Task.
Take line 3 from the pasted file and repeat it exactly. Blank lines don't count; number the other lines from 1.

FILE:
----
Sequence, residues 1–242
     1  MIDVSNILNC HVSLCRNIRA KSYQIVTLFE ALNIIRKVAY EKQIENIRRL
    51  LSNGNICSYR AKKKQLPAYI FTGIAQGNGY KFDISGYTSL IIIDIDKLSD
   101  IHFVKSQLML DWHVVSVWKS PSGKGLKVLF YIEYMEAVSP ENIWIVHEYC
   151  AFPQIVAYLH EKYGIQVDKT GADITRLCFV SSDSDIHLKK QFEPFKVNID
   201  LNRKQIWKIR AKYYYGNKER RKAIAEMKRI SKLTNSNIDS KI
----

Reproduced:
    51  LSNGNICSYR AKKKQLPAYI FTGIAQGNGY KFDISGYTSL IIIDIDKLSD